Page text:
He stepped off the elevator and headed toward the stairwell. The fourth floor had the same basic layout as the eighth, but it was noticeably darker. Alex glanced up at the lightbulbs, wondering if a few of them had burned out, but they seemed to be working fine. For some strange reason, however, their glow didn’t radiate as far as it should, as though the darkness of this particular hallway was harder to penetrate than the ordinary kind.

Just my crazy imagination, Alex thought, ignoring the cold sensation creeping down his spine. The bulbs are probably just old or—

He heard voices.

They were coming from the apartment at the end of the hall. At first, Alex thought it was just the people who lived there. As he got closer, however, creepy music rose in the background, and Alex realized that the voices belonged to characters from a movie. He broke into a big grin as he recognized the dialogue.

That’s Night of the Living Dead! he thought.

Alex had been four years old the first time he saw the movie. He was supposed to have been asleep, but the strange sounds coming from the living room had piqued his curiosity, and so he had crept out of bed to investigate. His mom and dad were cuddled up on the couch, sharing a bowl of popcorn. Alex hid behind his dad’s easy chair and trained his eyes on the television.

He had never been so terrified—or exhilarated—in his life.

By the time that his parents realized they had an unwelcome visitor, it was too late. Alex was in love. At the end of the month, his Thomas trains had been exiled to a bin in the basement, replaced by toy monsters, plastic fangs, and a stuffed ghost named Boo. He dismantled his Lego fire trucks and rocket ships and used the bricks to build a haunted house. At the library, Alex insisted on borrowing only the picture books with little Halloween labels on their spines, despite the fact that it was June.

Night of the Living Dead had been his introduction to the world of creepy things, and for that reason it held a special place in his heart. Hearing it now, an overpowering desire to watch the movie again fogged all other thoughts. Alex approached the door of apartment 4E, the static-filled soundtrack reeling him in like a fishing line, and pressed his ear against it. It was one of the earliest scenes in the movie, just before Barbara and her brother are attacked by a zombie at the graveyard.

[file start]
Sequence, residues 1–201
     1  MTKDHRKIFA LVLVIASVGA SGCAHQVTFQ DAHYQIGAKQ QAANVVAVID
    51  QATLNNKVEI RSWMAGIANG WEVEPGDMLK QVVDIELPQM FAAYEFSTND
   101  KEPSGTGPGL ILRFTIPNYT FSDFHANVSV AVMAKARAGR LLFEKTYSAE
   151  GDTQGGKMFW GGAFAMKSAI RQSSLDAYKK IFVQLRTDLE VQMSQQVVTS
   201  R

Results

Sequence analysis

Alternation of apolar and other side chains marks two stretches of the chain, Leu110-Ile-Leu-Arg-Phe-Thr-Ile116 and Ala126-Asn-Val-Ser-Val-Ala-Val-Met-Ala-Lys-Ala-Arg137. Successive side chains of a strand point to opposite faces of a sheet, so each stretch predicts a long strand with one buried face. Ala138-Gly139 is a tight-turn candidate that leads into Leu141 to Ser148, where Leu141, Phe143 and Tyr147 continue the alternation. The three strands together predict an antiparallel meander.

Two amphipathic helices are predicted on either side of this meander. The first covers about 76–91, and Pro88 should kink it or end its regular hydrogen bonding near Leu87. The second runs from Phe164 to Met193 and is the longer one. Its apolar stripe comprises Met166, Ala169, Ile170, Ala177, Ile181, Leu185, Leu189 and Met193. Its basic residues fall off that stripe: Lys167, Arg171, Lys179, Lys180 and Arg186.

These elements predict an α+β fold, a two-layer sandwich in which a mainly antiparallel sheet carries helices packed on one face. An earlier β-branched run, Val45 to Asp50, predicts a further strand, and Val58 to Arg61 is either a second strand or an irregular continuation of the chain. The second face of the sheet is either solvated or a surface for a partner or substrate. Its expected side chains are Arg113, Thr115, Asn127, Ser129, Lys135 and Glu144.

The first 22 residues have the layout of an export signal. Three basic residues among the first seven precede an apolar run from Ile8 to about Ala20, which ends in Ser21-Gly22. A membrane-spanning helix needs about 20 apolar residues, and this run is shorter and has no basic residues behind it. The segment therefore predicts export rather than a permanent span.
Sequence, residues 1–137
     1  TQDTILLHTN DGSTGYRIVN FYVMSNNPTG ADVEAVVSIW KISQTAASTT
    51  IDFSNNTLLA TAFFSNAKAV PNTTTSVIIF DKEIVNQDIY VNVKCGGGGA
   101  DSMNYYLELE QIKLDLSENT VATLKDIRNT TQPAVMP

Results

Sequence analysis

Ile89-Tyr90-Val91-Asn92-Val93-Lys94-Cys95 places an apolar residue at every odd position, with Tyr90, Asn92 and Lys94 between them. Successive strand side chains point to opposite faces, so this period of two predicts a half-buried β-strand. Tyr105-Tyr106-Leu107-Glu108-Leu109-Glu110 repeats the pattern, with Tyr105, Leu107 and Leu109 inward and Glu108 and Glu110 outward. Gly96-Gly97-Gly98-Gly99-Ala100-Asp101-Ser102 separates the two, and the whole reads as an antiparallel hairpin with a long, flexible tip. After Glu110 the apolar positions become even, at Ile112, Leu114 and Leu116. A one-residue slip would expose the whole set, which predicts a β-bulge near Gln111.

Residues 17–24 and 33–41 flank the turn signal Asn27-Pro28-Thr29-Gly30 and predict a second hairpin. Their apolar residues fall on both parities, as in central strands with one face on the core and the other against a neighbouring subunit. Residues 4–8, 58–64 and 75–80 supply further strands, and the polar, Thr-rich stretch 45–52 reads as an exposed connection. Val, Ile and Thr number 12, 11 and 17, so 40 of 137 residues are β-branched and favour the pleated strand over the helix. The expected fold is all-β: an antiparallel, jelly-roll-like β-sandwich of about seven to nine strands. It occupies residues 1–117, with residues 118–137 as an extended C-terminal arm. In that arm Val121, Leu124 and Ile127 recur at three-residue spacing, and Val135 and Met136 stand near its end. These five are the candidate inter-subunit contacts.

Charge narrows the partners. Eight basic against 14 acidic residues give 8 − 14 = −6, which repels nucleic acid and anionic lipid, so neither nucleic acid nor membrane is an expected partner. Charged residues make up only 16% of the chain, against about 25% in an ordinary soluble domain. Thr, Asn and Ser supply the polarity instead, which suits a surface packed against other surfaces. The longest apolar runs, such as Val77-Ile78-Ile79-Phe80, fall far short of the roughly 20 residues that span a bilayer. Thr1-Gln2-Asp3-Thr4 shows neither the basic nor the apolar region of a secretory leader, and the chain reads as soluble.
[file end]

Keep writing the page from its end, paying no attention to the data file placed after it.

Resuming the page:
I’ve barely missed anything at all, Alex thought with excitement. He had, for the moment, completely forgotten about his backpack and his reason for coming out tonight. All he could think about was the movie. He was desperate to see it. If Alex had been thinking clearly, he might have realized that this didn’t make any sense. After all, he could watch Night of the Living Dead anytime he wanted to on his iPad—surely that was a better choice than knocking on strangers’ doors in the middle of the night. Unfortunately, Alex was not thinking clearly. His green eyes, usually so sharp and inquisitive behind their glasses, had gone uncharacteristically flat, and his mouth hung open in a baffled expression, giving him a striking resemblance to one of the zombies from the movie.

Alex knocked on the door with three quick taps. A woman answered almost immediately, as though she had been expecting his arrival.

Well, look at this, she said, peering down at him. A visitor!

The woman was in her late twenties, with dark skin and short, spiky hair. She wore all black and a lot of makeup, especially around the eyes.

I’m sorry, Alex said, his mind swirling. What am I doing here? I don’t know why I knocked. I just heard . . .

What did you hear? she asked, leaning forward with an eager expression. Tell me.

The movie.

The woman smiled. There were tiny gaps between her narrow teeth, giving her the look of one of those weird, glowing fish that prowl the deepest part of the ocean.

"A movie? she asked, with genuine curiosity. That’s new. Which one?"

Alex gave the woman a strange look. He could still hear the television blaring behind her—the zombie now banging on the window of Barbara’s car—yet she was acting like she heard nothing at all.

Don’t you know? Alex asked.

Why should I? The movie’s for you, not me. She opened the door wider. You want to watch it? she asked. I bet it’s one of your favorites!

A beam of fear cut through the fog of Alex’s thoughts.

It’s the middle of the night and I’m having a conversation with a total stranger like it’s the most normal thing in the world, he thought. What’s wrong with me?

He took a step back, intending to leave as quickly as possible . . . when he smelled something wonderful coming from the apartment.

Freshly baked pumpkin pie. His favorite.

He breathed in the comforting smells of nutmeg and cinnamon and all his fear instantly evaporated.

This woman isn’t a threat, he thought. She’s just a nice lady who likes horror movies, like me!

"The movie’s Night of the Living Dead, Alex said. 1968. Directed by George Romero."

Ahh, said the woman. How intriguing. And was I right? Is it one of your favorites?